Can my conduct prevent me from making a slip and fall claim?
A “slip and fall” or “trip and fall” is the generic term for an injury which occurs when someone slips, trips or falls as a result of a dangerous or hazardous condition on someone else’s property. It includes falls as a result of water, ice or snow, as well as abrupt changes in flooring, poor lighting, or a hidden hazard, such as a gap or hard to see hole in the ground.
Whether there is negligence on the part of a property owner associated with a slip and fall is always a fact sensitive analysis. Circumstances that would support negligence in one situation may not support negligence in another situation. A large hole in a front yard that is not surrounded by any type of enclosure would most likely support a claim for negligence in the event someone fell in that hole. If the hole was in the back yard, the claim would not be as likely. If the yard was fenced, the claim would be less likely. If the fence was directly surrounding the hole, the claim would be unlikely. Your individual conduct in the circumstances surrounding the actual slip and fall would be important, too.
In almost every slip or trip and fall case, you must determine whether your carelessness caused, or contributed to, the accident. Florida is a “comparative negligence” state, meaning that your own conduct may diminish, or eliminate, your ability to bring an action forward in the event of an injury. While property owners have a duty to keep their premises reasonably safe from dangers or hazards, a person who enters another’s property have a duty to act reasonably when on that property. There are some questions you should ask yourself about your own conduct — an insurance adjuster will almost certainly ask them after you file your claim.
Did you have a legitimate reason — a reason the owner should have anticipated — for being where the dangerous area was? Would a careful person have noticed the dangerous spot and avoided it, or walked carefully enough not to slip or trip? Were there any warnings that the spot might be dangerous? Were you doing anything that distracted you from paying attention to where you were going, or were you running, jumping, or fooling around in a way that made falling more likely?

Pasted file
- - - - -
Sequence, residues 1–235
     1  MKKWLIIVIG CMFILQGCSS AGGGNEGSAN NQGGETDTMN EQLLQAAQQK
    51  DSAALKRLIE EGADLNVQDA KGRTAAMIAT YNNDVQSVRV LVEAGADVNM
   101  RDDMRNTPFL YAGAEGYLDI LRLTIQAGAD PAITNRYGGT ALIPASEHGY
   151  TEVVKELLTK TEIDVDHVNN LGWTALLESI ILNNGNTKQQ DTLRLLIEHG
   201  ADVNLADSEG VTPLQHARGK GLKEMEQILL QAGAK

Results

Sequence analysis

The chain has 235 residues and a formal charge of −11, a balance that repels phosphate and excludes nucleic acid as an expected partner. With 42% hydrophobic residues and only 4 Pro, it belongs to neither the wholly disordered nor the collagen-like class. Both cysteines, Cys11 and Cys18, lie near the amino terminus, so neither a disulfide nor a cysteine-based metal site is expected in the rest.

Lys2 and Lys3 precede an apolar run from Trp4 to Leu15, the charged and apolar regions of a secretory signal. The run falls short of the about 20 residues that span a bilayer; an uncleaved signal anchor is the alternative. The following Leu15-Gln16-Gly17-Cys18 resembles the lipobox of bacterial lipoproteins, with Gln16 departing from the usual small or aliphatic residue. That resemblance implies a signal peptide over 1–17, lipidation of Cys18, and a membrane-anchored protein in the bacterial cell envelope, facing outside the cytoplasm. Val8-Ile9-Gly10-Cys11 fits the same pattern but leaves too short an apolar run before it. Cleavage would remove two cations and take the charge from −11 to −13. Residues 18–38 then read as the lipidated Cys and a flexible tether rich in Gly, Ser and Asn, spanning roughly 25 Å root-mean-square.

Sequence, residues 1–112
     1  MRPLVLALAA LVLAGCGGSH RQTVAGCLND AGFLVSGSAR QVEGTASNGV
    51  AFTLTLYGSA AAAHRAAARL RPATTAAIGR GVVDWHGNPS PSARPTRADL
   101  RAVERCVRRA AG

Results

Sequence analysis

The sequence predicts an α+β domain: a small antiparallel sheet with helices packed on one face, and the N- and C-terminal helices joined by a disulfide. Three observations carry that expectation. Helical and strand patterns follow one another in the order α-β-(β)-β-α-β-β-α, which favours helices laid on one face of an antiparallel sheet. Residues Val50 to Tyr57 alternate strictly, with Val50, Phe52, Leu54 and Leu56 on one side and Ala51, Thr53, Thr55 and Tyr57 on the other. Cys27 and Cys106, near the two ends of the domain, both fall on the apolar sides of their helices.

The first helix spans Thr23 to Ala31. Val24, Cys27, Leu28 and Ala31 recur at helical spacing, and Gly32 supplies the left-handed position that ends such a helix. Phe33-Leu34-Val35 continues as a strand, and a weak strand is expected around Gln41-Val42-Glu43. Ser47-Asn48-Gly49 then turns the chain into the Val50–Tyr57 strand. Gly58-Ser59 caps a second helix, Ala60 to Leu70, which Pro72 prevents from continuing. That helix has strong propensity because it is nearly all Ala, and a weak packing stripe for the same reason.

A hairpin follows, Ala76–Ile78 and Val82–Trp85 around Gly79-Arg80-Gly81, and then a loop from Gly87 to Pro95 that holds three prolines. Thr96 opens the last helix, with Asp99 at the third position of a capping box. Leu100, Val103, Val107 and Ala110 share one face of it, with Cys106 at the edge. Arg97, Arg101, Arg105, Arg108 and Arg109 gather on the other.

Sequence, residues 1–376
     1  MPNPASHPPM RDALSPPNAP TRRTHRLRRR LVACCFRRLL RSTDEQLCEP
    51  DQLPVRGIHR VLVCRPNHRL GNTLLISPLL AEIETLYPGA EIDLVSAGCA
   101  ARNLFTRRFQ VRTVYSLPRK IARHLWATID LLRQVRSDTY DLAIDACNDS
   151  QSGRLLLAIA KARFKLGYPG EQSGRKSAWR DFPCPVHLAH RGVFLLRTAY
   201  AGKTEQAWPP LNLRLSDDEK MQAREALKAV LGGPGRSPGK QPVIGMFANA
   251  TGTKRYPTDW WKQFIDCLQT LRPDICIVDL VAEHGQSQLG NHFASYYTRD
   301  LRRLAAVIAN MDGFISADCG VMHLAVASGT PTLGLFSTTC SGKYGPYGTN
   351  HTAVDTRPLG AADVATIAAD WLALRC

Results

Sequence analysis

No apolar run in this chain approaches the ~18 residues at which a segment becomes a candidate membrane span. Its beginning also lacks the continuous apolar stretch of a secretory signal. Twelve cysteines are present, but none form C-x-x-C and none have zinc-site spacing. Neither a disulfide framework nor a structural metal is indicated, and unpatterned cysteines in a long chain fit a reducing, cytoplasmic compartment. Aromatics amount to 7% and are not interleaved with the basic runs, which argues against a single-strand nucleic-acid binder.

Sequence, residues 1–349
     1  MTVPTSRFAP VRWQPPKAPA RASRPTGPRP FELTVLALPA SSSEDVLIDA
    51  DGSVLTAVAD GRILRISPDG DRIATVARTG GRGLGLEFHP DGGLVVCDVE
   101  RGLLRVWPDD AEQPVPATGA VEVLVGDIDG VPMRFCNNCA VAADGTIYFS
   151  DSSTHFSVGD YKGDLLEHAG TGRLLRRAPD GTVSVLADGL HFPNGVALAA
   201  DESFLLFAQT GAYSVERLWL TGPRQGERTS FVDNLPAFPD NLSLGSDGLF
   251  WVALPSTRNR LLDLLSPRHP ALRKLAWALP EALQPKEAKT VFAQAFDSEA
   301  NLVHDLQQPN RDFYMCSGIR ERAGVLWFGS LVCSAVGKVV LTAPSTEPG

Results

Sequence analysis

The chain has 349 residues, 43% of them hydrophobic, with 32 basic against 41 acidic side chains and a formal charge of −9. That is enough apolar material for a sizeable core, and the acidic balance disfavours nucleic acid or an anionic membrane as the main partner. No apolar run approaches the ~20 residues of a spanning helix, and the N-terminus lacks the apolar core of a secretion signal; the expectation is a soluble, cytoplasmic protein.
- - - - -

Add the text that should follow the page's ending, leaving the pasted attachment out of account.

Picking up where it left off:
Whether a property owner is responsible for injuries that occur on his premises and to what degree a person on said property may be responsible for their own injuries depends upon a number of legal and factual issues. Insurance companies have trained adjusters and attorneys on their side to minimize the responsibility of their client when an injury occurs, why should you have less? You need the advice of an experienced personal injury attorney right away to protect your rights and receive all the compensation you may be entitled to if you are injured on another’s property. The Law Office of Dan Newlin & Partners has the experience, knowledge and resources to help. Please call (407) 888-8000 and have an attorney give you the answers you need to all of your questions about slip and fall accidents. Do not go it alone, get advice from an experienced attorney. Get advice from Dan Newlin & Partners. You will be glad you did.